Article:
facebook twitter pinterest instagram You Tube

Car of the Year 2011: No. 11 Rolls-Royce Ghost

Paul Dean and Robert Ross

Lift Your Spirits
The downsized Ghost has huge tire tracks to fill, those of the immortal Silver Ghost that in 1906 gave birth to Grecian radiators, minted a new metaphor for opulence, and began a progression of the most impressive marque in motoring. Yet this starter Rolls—lighter, shorter, lower, narrower, and about $130,000 less expensive than its big sister, the Phantom—fits the heritage remarkably well. Although some of our judges faulted the Ghost’s fit and finish and apparent corner-cutting—machine stitching (though by craftsmen, Rolls notes) and glaring chromium bits and brightwork—most agreed that this land-liner based partly on the 760Li from parent company BMW provides the legendary "waftability," eerie quiet, and total self-indulgence that were synonymous with your great-great-grandfather’s Rolls. —Paul Dean

 

Shadow of the Phantom
In status, stature, and symbolism, the Phantom—Rolls-Royce’s largest car—has no peers. Which is why the Ghost is rather a letdown. To be sure, there is nothing wrong with a smaller Rolls; the 20/25 made perfect sense in the marketplace eight decades ago. But the Phantom has set a standard that the Ghost fails to attain. The Ghost offers much to like; it can hold its own with any luxury sedan, given its silky-smooth engine, wonderful ride, and commodious interior. However, when you compare its materials and fit and finish with those of the Phantom, it almost seems as if the Ghost is a badge-engineered BMW. —Robert Ross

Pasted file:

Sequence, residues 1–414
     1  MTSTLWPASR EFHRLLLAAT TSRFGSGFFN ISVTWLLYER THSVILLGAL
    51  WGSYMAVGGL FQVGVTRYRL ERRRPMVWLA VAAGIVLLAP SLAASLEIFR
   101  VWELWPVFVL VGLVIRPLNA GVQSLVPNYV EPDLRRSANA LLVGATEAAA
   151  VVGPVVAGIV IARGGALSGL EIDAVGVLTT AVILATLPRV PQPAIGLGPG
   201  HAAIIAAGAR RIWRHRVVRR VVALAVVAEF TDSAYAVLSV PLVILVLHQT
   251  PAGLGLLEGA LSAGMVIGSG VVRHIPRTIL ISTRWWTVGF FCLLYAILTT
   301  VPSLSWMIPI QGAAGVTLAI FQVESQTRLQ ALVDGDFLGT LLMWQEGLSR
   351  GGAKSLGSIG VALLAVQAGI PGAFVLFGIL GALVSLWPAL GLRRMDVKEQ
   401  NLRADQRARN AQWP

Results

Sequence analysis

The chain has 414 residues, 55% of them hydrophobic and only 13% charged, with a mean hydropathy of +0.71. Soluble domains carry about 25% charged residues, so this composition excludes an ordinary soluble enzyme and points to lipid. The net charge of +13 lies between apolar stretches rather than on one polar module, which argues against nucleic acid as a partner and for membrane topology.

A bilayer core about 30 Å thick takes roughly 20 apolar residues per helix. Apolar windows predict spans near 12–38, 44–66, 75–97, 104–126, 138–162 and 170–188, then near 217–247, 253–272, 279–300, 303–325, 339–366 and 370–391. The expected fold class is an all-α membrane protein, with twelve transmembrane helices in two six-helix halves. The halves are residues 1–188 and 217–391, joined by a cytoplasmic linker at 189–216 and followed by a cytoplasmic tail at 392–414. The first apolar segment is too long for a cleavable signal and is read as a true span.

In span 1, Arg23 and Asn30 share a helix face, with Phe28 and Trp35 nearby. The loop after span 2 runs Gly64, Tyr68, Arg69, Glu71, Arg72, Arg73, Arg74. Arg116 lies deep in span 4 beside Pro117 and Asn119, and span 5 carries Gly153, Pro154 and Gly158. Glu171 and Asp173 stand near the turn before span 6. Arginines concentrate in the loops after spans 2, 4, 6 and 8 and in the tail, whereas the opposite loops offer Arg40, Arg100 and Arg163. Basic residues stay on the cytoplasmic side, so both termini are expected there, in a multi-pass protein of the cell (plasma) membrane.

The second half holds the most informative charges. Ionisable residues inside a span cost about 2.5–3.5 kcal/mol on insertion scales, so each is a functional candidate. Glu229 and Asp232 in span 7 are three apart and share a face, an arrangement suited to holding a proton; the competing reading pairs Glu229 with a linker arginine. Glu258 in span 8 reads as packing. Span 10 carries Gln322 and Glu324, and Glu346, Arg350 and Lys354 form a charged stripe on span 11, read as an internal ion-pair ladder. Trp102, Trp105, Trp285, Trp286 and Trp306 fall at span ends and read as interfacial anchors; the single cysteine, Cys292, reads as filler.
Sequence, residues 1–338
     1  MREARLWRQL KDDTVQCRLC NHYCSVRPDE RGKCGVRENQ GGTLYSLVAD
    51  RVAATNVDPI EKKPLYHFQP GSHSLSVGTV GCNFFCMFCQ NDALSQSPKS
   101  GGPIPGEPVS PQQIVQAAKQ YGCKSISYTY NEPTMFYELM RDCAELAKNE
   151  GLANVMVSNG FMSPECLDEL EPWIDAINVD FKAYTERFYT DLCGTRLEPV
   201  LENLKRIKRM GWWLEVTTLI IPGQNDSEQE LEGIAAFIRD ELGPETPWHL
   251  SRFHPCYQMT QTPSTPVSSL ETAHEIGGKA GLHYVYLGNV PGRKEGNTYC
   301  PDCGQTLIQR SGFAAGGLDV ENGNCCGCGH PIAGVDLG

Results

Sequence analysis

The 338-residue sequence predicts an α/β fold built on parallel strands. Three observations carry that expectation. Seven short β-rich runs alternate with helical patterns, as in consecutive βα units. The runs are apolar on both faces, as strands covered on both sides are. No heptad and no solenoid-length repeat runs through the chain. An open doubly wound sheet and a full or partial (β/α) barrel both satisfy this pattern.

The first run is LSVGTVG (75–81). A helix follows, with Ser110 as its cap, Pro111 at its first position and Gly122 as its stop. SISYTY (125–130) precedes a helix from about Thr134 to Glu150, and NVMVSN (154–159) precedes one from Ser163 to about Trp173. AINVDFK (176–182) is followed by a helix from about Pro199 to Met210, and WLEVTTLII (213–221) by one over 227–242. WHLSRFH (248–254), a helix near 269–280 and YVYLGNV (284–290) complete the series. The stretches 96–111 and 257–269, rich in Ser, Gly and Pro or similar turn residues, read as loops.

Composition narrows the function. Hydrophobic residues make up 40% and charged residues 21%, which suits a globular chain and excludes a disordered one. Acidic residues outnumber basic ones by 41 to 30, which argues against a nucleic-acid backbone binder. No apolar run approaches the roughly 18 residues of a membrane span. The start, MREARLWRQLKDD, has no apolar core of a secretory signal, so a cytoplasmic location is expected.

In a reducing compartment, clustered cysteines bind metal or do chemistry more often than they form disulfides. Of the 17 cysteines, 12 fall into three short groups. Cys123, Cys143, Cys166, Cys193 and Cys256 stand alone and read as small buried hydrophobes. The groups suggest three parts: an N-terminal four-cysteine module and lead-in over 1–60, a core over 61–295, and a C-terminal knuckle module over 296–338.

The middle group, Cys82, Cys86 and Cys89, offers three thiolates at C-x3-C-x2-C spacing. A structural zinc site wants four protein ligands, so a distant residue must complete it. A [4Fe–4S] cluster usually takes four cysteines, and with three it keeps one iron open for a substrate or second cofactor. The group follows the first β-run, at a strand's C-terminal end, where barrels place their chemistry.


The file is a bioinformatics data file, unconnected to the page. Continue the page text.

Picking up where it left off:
SPECIFICATIONS
Configuration
Front-engine, rear-wheel-drive sedan Engine 6.6-liter turbocharged V-12 Transmission 8-speed automatic Power 563 hp at 5,250 rpm Torque 575 ft lbs at 1,500 rpm Curb weight 5,445 pounds Zero to 60 4.8 seconds Top speed 155 mph (electron-ically limited) Base price $246,500 Rolls-Royce Motor Cars, www.rolls-roycemotorcars.com

Read Next Article >>
Copyright 2013 American Honda Motor Co., Inc.
Photo by Stephan Cooper
Copyright 2014 Infiniti
Photo by Pietro Carrieri
Photo by Pawel Litwinski